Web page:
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The day the hawk swooped down

By Ken Ilgunas

I was sprinting toward the fence gate. With arms pumping, eyes bulged, and teeth clenched, I flung one foot forward after another—my shoeless soles making soft thuds in the grass as the wind swept my hair back, revealing my otherwise cleverly-hidden and regretfully-high hairline. “NOOOOOO!” I bellowed. “THE CHICKENS!”

It was a clear, brisk afternoon. Moments before, I had been standing on David’s porch, looking out at the garden while talking with my father on the phone.

As I watched a shadow move across the yard, I couldn’t help but tune my father out. The shadow, at first, was small—maybe the width of a mason jar. But as it approached the garden fence, it got bigger and bigger—like a the shadow of a UFO descending to earth, ready to collect samples for examination, experimentation, and an obligatory probing.

The shadow—moving at lightning speed—advanced toward our three chickens who were close together—as they always are—innocently scratching and pecking the ground near one of the apple trees. That’s when I saw the shadow’s source. It was a hawk, mottled black and gray with wings outstretched, exposing a bone-white underside. It lowered its claws like airplane wheels and aimed its beak at Chastity, one of our two dark chickens.

The hawk clenched its claws into the Chastity’s back, and began flapping its freakishly large wings in hopes of carrying his meal to a more appropriate venue.

The chickens have almost no way to defend themselves against a bird of that size. They can’t fly very far, their beaks are too small to fight back, and the coop—their only recourse to shelter—was too far way. Our chickens, though, have one thing going for them: they are—and I don’t know how to put this lightly—fat. I wouldn’t go as far to call them “obese,” because obesity suggests poor health when our chickens, thankfully, are as healthy as can be. But they are, nonetheless, fat. And I don’t say that disparagingly. If I was a rooster ambling through the property, I’d likely be unable to continue on without pausing to admire their plump, healthy, feminine curves, before communicating my ardor to them with flagrantly obscene roadside catcalls.

The hawk raised Chastity’s body only about a foot into the air before they both came crashing down to earth.

It was at this point that I screamed, “No! The chickens!” I dropped the phone and ran to the fence where I hoped to put on a display of acrobatic martial arts maneuvers that—because I’d seen so many kung fu movies in my childhood—I figured were second-nature to me by now.

What was my poor father thinking? “No! The chickens!” was the last thing he’d heard before I dropped the phone onto the deck’s wood planks and took off running. Perhaps he was left shuddering in horror as he imagined his firstborn begin pecked to death by a flock of ravenous chickens. He’d picture me like a man covered in feathered flames, stumbling drunkenly as 20 of them clutched my every morsel of flesh.

But it need not be said that I was running and panting and girlishly screaming to save the chickens.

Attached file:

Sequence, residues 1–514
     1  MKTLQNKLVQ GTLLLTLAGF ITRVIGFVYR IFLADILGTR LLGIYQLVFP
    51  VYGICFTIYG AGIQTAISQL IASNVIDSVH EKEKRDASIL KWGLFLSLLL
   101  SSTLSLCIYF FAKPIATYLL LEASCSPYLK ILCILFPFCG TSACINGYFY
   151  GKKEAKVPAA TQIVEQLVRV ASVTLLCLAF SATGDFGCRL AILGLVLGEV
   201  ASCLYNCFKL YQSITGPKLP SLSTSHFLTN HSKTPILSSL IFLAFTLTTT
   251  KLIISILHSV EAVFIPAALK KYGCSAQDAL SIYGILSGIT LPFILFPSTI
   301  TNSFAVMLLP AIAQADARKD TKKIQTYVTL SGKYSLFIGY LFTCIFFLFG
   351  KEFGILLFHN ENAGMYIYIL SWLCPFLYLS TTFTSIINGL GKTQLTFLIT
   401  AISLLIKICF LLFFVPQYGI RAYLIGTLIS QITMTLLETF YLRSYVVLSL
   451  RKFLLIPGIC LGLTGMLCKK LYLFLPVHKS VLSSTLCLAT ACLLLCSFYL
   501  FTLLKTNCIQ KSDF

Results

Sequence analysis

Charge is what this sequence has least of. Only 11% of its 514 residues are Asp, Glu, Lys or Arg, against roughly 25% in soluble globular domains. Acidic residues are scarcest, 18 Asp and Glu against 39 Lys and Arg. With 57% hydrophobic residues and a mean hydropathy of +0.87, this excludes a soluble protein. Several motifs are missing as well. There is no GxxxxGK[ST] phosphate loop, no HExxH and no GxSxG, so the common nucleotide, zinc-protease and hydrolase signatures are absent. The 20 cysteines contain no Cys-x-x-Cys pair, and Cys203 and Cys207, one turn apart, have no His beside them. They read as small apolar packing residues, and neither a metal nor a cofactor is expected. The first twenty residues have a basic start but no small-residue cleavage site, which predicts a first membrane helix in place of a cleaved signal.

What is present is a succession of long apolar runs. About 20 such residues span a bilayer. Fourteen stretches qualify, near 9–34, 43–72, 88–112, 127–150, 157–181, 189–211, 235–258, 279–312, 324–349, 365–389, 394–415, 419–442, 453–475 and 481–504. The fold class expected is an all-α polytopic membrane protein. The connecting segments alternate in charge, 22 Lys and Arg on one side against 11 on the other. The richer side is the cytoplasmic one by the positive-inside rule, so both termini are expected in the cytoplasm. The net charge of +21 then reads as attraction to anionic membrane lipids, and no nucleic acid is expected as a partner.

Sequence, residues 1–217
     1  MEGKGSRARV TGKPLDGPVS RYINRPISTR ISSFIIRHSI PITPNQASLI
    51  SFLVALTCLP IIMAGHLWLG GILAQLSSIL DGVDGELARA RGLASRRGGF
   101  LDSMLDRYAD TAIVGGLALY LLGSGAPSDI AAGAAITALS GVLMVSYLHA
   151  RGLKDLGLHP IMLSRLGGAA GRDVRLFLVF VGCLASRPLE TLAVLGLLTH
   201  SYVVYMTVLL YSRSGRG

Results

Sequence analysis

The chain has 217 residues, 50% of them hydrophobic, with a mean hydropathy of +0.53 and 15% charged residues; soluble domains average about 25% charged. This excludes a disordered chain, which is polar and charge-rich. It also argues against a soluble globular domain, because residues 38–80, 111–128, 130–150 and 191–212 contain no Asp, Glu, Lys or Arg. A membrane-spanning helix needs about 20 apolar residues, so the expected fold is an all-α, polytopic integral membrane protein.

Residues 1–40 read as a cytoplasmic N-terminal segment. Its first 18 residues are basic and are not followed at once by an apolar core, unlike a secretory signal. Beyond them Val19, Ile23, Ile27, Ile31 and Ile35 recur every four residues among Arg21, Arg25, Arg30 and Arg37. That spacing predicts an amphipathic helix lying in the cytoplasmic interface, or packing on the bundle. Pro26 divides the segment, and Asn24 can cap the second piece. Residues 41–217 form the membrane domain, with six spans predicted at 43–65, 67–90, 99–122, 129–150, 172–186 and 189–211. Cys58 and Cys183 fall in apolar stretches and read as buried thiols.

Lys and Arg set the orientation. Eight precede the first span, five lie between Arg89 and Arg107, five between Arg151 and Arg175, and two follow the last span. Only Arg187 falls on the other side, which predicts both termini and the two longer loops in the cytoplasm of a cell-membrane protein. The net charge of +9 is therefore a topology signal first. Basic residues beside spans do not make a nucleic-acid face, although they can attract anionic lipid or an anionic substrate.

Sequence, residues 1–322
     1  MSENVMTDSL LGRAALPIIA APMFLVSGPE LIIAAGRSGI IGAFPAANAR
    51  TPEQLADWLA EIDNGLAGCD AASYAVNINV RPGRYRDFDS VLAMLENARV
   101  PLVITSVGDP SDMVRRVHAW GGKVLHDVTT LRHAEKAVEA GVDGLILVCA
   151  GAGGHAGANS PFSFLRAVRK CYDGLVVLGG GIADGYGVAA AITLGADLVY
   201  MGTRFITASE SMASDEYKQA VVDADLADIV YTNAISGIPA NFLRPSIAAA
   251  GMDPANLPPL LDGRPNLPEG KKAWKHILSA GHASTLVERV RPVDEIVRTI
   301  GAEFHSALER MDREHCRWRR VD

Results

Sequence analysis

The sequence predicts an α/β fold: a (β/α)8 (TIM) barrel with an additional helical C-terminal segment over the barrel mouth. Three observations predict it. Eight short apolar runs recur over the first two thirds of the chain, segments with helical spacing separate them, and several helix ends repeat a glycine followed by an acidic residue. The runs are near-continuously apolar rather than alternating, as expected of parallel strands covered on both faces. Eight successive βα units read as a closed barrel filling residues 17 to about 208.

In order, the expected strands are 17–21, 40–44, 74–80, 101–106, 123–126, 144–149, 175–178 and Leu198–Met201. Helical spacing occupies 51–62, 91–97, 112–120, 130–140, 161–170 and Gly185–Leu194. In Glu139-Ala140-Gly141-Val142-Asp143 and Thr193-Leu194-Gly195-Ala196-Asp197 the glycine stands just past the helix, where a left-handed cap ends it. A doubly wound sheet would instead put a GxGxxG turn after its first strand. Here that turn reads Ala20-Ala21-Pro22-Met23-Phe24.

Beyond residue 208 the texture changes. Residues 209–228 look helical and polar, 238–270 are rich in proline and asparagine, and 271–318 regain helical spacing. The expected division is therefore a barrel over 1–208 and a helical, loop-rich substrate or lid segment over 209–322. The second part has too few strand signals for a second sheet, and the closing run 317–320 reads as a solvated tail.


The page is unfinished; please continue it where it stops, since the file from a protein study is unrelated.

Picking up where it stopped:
It might seem odd for a man to get so worked up about an animal that people eat every day, especially an animal that everyone knows has no personality, an animal that is perceived to be clone-like and characterless.

Meat becomes easy to swallow when we think of animals more like thoughtless robots, and less like sentient beings like ourselves. So who cares if a chicken—that’s eaten by millions of people every day—becomes hawk food?

I never thought I’d say this, but I adore chickens. Well, I adore at least three chickens.

Whenever I walk into the fenced enclosure where the chickens roam free, the three of them (who I call “the girls”) will come rushing down the hill—running like diapered toddlers on wobbly legs—to greet me like puppies. They’ll surround me, and look up into my eyes, as I lavish their feathers with compliments. At night, when I go to lock them up in their coop, I can hear them all cooing at the same time—a communal loquacity that brings to mind a circle of grandmothers with balls of yarn in their laps who talk purely for the joy of talking, unconcerned with whether or not anyone’s really listening.

Much to my surprise, I’ve learned that each of “the girls” is by no means a “clone”; they each have their own distinctive personality.


Ruth—the red chicken—is easily the dimmest of the three. In her wide blank eyes, you can see a mind that is ripe for conversion. Because she cannot think for herself, she can be swayed to the dark side, as well as the good. Her morality depends entirely on whatever the dominant ideology of the group is. Ironically, despite her dimwittedness, she also exhibits the most curiosity of the three. Every morning last summer—when I had to forcefully remove Patience from her nest (because Patience was in some weird and unhealthy nesting mode)—Ruth would always stop what she was doing to come up and watch as I pushed her broody friend out of the coop. During that time, Ruth used to reign supreme at the top of the pecking order when they all lived in the coop, constantly tormenting those bold enough to eat before her with sharp pecks to the neck. The two darker chickens, however, have benefited more than Ruth has from grazing in the yard, and they—with due justice—have since pushed Ruth down to the bottom of the order. Ruth—desperate to dominate somebody—began pecking our feet, but with a couple of artfully placed kicks to her rear, we’ve avoided succumbing to the tyranny of ruthless Ruth.